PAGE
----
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__closure equivalent in vc++

In the Embarcadero world, we could create a typedef like this

typedef double (__closure *CalVmFuncType) (int, unsigned);

where __closure is defined as : The __closure keyword is used to declare a special type of pointer to a member function. In standard C++, the only way to get a pointer to a member function is to use the fully qualified member name

Could someone tell me (or show me) the equivalent keyword in the Visual C++ environment (I am using Vs2013).
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BrianDumas
Asked:
BrianDumas
2 Solutions
 
jkrCommented:
Check out http://www.newty.de/fpt/index.html ("The Function Pointer Tutorials") and http://www.newty.de/fpt/fpt.html#chapter2 ("The Syntax of C and C++ Function Pointers") in particular. In your particular case - and if '()' is indeed a class' member - that would be

typedef double (YourClass::*CalVmFuncType) (int, unsigned);

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If it is not a member of any class but a standalone function, you can just use

typedef double (*CalVmFuncType) (int, unsigned);

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trinitrotolueneDirector - Software EngineeringCommented:
this might be a bit advanced and contrived but if you are interested in C++ 0x and like lambdas then have a read on how they can be used as fn ptrs

Especially the section on Making Delegates with Lambdas might interest you

http://www.cprogramming.com/c++11/c++11-lambda-closures.html
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sarabandeCommented:
to add to above comments:

pointer to member functions are not very comfortable in c++ and require a weird syntax for definition (as you can see by the typedef posted by jkr). unfortunately, calling the function by pointer is even worse:

CalVmFuncType myFunction = &YourClass::CalVmFunc1;
....
(m_pYourClass->*myFunction )(123, 0xffffffff);

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the compiler needs both an instance of the class the function is member of and the pointer to function.

the __closure in the Embarcadero makes the syntax as easy as with normal function pointers as long as you don't leave the class context. it simply uses the 'this' pointer automatically and you don't have to care for a pair of object and function but only for the function pointer.

in visual c++ you have some alternatives even if you don't make the step to c++0x as suggested by trinitrotoluene.

(A) you can use functors, which are little helper classes with overloaded operator().
  functor objects can be called like function and often passed instead of a (normal) function pointer and allow to
  parameterize the function when constructing the functor.

 
class MyClass
  { 
    int m_fc;
  public:
    MyClass(int fc) : m_fc(fc) {}
    double MyFunc(int i, unsigned int ui) { return (m_fc == 1)? MyFunc1(i, ui) : MyFunc2(i, ui); }
    double MyFunc1(int i, unsigned int ui)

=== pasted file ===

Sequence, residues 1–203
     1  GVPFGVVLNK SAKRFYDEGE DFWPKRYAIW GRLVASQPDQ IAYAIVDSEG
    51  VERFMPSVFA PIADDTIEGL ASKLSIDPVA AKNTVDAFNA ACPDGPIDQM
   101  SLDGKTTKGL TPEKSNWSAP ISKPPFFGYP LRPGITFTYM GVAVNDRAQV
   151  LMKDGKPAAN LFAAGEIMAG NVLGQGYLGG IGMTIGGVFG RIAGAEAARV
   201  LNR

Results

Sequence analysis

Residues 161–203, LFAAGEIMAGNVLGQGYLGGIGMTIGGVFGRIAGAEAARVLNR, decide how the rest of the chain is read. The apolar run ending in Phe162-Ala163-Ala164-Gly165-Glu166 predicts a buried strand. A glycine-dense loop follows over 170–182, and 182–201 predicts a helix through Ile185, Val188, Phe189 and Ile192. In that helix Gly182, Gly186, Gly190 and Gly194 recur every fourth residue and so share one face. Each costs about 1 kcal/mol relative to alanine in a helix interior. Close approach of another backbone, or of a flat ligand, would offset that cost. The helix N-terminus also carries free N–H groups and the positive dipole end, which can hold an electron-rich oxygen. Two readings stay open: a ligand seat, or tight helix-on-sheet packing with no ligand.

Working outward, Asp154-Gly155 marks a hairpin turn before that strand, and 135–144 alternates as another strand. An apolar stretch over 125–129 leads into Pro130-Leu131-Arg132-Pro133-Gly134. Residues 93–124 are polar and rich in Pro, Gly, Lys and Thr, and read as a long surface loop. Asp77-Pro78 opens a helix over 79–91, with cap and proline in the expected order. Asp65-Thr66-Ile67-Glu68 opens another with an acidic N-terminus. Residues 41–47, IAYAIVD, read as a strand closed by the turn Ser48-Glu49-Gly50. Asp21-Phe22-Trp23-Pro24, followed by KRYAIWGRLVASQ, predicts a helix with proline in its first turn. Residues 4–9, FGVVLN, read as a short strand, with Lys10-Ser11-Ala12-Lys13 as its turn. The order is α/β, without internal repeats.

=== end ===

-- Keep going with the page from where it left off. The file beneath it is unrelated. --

{
        std::ostringstream oss;
        oss << i << '.' << (int)ui;
        return atof(oss.str().c_str());
    }
    double MyFunc2(int i, unsigned int ui)
    {
        if (i == 0) i = 1;
        double d = ui/i; 
        return d;
    }
  };


struct MyFunctor
{
    MyClass & m_mc;
       
    MyFunctor(MyClass & mc) : m_mc(mc) {}
    double operator() (int i, unsigned ui)
    {  
        return m_mc.MyFunc(i, ui);
    }
  };

  void f()
  {
    MyFunctor mf(MyClass(2));
    double d = mf(-123, 999); 
  }

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   the functor could have any parameters in the constructor, so you also could pass
   a base class pointer if you want, what then allows to call virtual member functions
   as well.

   see http://stackoverflow.com/questions/356950/c-functors-and-their-uses for more info.

(B) you also could define static member functions and pass the object as first argument:

 
// forward declaration
  class MyClass;

  // typedef a function pointer to global function
  typedef double (*CalVmFuncType) (MyClass * pObj, int, unsigned);

  class MyClass
  {
     ....
  public:
    // member function to call
    double MyCalVmFunc1(int n, unsigned int ui);  
    double MyCalVmFunc2(int n, unsigned int ui);  
    static double CalVmFunc1(MyClass * pObj, int n, unsigned int ui)
    {
           return pObj->MyCalVmFunc1(n, ui);
    }
   static double CalVmFunc2(void * pObj, int n, unsigned int ui)
   {  ...

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  with the above you can do

 
CalVmFuncType myFunction = &MyClass::CalVmFunc1;
  ....
  MyClass myObj(...);
  double d = myFunction(&myObj, 123, 0xffffffff);

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  you see the code is slightly less cryptic. and there is another advantage. you could have
   the pObj as base class pointer instead of MyClass pointer. then you could make the
   member functions virtual functions. if the function is a callback function you might use
   the same technique and pass the this pointer of your class object together with the
   function pointer (for that you normally can use an additional void pointer argument.
   when the callback was called the object pointer was passed back and could be
   casted to a valid object pointer).

Sara
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